Implementing custom HTML in Wordpress

As you will know from the last post, I’m working on getting Lincoln’s election data into the Open Election Data project. RDFa-ifying the content on our website was fairly straightforward involving me having to add funky attributes to the HTML pages. The next step, however, was a bit tougher as links to the pages had to be discoverable. Again, this involved adding some custom RDFa attributes to the HTML – this was not possible in our admin system without some severe jiggery-pokery, so I turned to the recently launched

What should have been straightforward, however, still proved problematic. I set up this post initially and grit my teeth upon the first publish when I realised that WordPress had filtered out all the RDFa goodness. This is down to the built in kses filter which ensures that no ‘dodgy’ code is put into posts and comments. Comments I’m more than happy to have protected but, as I’m the one who controls the posts, I was more than a little grumpy that I was being denied free regin.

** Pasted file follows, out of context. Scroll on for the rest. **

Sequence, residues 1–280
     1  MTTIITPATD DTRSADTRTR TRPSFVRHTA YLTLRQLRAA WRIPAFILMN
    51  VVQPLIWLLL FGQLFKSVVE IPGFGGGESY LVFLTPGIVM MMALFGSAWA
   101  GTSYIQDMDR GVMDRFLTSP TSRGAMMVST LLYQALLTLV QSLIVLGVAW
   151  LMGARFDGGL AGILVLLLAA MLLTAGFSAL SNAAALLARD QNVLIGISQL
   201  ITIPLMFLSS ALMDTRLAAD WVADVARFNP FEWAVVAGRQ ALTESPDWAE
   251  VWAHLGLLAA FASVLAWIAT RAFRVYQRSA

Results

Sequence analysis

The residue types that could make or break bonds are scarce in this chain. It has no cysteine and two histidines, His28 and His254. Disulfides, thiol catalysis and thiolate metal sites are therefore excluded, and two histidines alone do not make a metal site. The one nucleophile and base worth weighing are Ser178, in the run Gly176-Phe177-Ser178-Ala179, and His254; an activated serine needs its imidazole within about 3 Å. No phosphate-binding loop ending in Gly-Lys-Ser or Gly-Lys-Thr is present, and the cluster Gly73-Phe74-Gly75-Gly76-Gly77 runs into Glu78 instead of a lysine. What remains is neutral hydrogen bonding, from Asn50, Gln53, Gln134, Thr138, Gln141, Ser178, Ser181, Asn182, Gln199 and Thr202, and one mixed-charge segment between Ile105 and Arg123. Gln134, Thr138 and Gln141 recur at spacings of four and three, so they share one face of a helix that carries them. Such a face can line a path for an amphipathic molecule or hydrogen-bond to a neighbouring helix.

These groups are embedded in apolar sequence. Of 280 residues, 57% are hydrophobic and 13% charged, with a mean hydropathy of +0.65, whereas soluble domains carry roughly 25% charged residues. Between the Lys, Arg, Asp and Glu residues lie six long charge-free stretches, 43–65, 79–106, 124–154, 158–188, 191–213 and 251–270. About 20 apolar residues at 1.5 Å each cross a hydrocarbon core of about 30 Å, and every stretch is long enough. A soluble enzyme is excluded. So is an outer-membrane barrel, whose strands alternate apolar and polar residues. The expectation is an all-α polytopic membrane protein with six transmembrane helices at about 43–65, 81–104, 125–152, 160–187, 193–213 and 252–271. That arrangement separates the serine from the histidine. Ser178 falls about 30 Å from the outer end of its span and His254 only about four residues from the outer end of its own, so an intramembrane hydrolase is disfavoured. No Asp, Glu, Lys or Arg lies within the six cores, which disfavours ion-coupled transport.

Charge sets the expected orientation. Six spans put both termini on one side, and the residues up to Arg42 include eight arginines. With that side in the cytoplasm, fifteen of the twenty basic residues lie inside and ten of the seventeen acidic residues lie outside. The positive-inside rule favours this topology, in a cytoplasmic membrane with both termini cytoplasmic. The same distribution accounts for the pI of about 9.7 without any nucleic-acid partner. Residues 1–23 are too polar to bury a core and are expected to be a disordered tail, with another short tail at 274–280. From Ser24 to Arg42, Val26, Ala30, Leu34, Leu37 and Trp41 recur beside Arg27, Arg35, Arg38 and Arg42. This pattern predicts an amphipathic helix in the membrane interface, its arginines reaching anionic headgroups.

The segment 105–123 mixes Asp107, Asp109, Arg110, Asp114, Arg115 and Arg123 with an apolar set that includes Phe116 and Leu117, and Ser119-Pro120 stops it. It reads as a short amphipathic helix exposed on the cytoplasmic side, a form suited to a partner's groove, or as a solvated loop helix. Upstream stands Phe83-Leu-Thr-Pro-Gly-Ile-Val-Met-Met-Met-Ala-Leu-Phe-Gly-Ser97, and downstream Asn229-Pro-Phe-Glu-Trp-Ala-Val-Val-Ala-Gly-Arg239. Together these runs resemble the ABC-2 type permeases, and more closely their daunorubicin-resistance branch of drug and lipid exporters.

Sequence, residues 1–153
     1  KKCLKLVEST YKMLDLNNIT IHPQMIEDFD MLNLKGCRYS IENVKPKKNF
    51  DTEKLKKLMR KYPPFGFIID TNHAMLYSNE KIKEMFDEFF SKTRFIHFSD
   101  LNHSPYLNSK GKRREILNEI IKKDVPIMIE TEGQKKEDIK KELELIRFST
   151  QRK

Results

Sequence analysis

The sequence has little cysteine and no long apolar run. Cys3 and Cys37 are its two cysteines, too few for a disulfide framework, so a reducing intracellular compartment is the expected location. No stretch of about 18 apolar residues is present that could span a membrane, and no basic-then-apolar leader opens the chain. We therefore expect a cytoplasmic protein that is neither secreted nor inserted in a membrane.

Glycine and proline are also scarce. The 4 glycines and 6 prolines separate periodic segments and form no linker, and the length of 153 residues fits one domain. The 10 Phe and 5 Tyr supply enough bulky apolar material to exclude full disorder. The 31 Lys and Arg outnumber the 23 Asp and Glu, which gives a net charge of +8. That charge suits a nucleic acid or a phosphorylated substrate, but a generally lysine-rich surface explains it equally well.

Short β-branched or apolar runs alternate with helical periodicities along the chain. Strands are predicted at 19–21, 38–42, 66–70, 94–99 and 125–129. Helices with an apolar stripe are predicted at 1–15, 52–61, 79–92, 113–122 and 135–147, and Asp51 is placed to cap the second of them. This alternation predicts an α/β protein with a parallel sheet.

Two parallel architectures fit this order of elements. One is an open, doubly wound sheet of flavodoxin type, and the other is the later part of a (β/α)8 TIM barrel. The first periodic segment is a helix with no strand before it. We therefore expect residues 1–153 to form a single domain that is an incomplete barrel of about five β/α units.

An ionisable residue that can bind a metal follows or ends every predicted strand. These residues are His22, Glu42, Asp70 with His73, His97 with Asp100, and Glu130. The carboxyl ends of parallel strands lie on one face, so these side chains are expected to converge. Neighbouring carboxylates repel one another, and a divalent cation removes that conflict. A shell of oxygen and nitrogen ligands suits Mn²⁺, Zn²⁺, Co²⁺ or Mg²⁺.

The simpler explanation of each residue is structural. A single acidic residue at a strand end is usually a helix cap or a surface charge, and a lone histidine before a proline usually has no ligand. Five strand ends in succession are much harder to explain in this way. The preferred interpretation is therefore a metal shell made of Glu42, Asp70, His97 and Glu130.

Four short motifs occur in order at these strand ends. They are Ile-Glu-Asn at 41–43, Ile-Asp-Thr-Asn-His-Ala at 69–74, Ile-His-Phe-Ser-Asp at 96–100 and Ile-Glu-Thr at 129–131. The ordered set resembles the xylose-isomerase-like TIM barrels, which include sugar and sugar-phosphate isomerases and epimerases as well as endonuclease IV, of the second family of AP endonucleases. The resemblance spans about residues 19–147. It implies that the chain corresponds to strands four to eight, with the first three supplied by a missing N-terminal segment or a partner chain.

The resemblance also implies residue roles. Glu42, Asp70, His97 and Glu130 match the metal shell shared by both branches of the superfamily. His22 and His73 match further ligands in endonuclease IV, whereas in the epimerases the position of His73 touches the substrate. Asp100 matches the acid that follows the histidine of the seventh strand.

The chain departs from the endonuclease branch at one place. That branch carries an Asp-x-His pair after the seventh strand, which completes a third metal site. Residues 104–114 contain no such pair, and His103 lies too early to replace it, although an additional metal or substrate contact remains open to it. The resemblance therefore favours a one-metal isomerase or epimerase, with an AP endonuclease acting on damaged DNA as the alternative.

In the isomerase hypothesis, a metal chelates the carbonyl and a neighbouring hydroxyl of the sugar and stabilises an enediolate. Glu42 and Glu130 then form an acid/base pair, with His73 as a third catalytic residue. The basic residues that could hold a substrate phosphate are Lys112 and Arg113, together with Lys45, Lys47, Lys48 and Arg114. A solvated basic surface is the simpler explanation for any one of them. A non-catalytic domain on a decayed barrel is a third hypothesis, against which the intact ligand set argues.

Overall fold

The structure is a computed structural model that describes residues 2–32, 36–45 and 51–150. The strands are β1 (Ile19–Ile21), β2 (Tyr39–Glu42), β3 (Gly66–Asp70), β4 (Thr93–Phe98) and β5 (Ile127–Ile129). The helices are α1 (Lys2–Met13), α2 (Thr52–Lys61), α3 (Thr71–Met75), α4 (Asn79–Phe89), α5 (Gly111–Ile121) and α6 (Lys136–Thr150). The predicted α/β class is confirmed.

I did some digging, came up with a number of people having the same problem, tried editing the kses file, hit head on wall and then eventually came across this plugin. It’s a beauty of a plugin and does exactly what I needed – allows you free reign to add whatever HTML you want to your WordPress posts. Installed, activated and now the ward list on is fully RDFa-ified. Simples.

So, if you need to fiddle the HTML, maybe adding some RDFa or microformats, on your WordPress blog, make sure you fire that plugin up.



  1. Unfortunately, I think this solution only applies if you’re hosting WordPress yourself. For us poor users, we are still slaves to whatever WP have installed — and they still forbid Javascript! 😦

  2. You make a very good point there however I can also see why restricts itself in such ways – total open-ness leads to opening yourself ( up to malicious attacks which is not good for the customers. If you’re in a situation where you’re controlling your own environment you can start to be a bit more open about what you do with the technology you’re using.

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